It might seem unusual for a strawberry to have a cult following, but Harry’s Berries are just that good. Come spring, hundreds of tags on Instagram pop up daily—restaurant dishes specially designed to showcase the berries, popular recipe developers and home cooks alike perfecting their pies and shortcakes, overjoyed fruit lovers who’ve happened on them at a grocery store or farmers market. With posts spreading the good word of Harry’s Berries, from recipe developer and Contributing Editor to Bon Appetit Claire Saffitz to Chef Wolfgang Puck to the culinary team at Martha Stewart, in the past month, these humble strawberries have really been getting their close-up.
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“The flavor is unlike any strawberry I've ever had before,” Zach Watkins, Executive Chef at Toro NYC, told me in an email. “We try to create dishes based around these berries. We don't use strawberries when they're out of season so instead we try to preserve and pickle them when they are in season so that we can have some fun things to play around with in the winter months.”
If heaven was a dish, the Torrijas would definitely be it. French Toast TORO STYLE for Mother’s Day Brunch tomorrow, 11 AM to 3 PM! You don’t wanna miss out on this masterpiece... trust us 😉✨☁️🥞🍓☁️✨ #heavenonaplate #spanishtoast #harrysberries #ifyouknowyouknow #torobrunch
A post shared by TORO NYC (@toro_nyc) on May 11, 2019 at 3:30pm PDT
Eddie Zheng, co-owner of The Little One, a Japanese dessert shop in Manhattan, created their strawberry Kakigōri with Harry’s Berries in mind: “the strawberry is red throughout so it’s got great color. They're sweeter and juicier with a nice aroma compared to other store bought strawberries.”
A post shared by THE LITTLE ONE NYC (@thelittleonenyc) on Mar 24, 2019 at 12:20pm PDT
Watkins and Zheng both learned about Harry’s Berries while working at other East Coast restaurants a few years ago. Of course, many West Coasters have been in the know for more than 50 years. Harry Berries is a family farm in Oxnard, California, that’s been growing non-commercial, specialty varieties of strawberries for decades. Opened by Harry Iwamoto in 1967, the farm is now run by Iwamoto’s daughter Molly and her husband Rick Gean. Though not certified Organic due to regulations and cost, the Geans have grown everything on their farm (in addition to their strawberries, they produce an incredible selection of beans and tomatoes) without synthetic chemicals since 1998. They sell their produce at a number of farmers markets in California.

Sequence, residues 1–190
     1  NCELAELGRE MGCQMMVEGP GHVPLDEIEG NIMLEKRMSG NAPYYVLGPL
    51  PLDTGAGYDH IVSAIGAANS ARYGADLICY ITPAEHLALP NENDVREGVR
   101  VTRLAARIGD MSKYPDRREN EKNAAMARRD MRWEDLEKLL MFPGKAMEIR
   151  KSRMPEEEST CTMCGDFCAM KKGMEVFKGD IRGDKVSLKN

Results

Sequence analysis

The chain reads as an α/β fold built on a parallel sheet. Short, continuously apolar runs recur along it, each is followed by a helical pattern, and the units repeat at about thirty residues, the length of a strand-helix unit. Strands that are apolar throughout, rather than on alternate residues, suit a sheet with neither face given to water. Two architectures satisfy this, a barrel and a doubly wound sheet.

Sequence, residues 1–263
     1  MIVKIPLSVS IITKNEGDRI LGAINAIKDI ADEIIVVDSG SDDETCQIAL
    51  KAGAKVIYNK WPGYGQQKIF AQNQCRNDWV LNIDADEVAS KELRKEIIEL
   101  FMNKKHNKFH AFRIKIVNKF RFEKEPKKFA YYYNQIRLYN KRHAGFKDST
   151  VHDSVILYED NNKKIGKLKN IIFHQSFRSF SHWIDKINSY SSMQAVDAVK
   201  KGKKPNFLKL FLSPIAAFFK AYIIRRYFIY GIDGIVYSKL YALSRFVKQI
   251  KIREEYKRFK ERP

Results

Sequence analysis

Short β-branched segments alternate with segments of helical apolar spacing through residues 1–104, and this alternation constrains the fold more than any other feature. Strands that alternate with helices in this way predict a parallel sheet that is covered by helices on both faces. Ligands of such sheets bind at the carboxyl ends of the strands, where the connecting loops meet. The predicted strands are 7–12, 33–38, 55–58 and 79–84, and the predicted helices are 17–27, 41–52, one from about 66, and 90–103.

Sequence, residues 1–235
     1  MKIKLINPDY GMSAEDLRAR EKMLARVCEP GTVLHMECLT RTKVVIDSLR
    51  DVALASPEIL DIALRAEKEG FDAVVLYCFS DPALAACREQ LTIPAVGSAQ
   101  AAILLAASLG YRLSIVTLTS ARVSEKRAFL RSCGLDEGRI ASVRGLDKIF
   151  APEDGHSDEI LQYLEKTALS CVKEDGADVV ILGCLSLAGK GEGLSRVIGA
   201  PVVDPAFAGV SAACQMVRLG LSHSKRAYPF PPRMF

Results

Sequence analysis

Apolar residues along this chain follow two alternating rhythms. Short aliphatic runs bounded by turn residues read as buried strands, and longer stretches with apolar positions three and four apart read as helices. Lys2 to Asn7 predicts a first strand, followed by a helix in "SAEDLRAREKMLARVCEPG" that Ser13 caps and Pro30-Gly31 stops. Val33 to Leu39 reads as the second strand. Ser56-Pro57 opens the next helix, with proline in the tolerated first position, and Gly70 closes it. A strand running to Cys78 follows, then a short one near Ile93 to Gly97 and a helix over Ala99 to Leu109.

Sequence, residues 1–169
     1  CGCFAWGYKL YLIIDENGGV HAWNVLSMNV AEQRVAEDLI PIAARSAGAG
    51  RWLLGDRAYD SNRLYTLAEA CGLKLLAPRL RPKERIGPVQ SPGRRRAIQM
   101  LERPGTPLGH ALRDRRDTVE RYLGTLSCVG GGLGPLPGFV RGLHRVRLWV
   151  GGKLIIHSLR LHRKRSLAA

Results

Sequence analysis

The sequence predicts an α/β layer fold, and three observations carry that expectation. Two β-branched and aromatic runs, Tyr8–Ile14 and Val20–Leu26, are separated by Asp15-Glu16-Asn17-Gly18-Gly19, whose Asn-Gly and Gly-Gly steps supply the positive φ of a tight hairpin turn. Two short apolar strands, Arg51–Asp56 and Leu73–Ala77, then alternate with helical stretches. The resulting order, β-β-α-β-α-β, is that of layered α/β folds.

Looking through our tagged photos and I can't help but wanting to share them all. We definitely feel the love!!! Thank you @spoon_wandm #harrysberries #therealharrysberries #geanfarm #organic #calove #castrawberries Reposted from @spoon_wandm - I'd travel to the West Coast just for these berries... 🍓💯😍// 📸 pc: @gretadylus • • • • • • #spoon #spoonfeed #spoonuniversity #strawberry #farmersmarket #healthyeating #healthyfood #fruit #foodporn #foodstagram #foodinsta #eeeeeats #cleaneating #foodography #summer #healthysnacks - #regrann
A post shared by Harry's Berries 🍓 (@harrysberries) on May 29, 2019 at 3:15pm PDT
The Geans specialize in Gaviota and Seascape strawberries, two non-commercial varieties of berries that are deeply fragrant, and significantly sweeter and more juicy than strawberries you’d find at a typical American grocery store. However, the berries are picked at such prime ripeness that their flesh is extremely delicate, which meant that for years the berries couldn’t be shipped far outside California. But a few years ago, an executive at wholesaler Baldor Specialty Foods tried the berries and swore to bring them across the country. Now, Baldor supplies the Berries to a number of grocery stores and restaurants on the east coast, particularly in New York and Washington, DC. They were available for on grocery delivery platform FreshDirect earlier this season, but are currently unavailable, but some New Yorkers might be able to purchase Harry’s Berries at Eataly, the Park Slope Food Co-op, and certain Fairway Markets.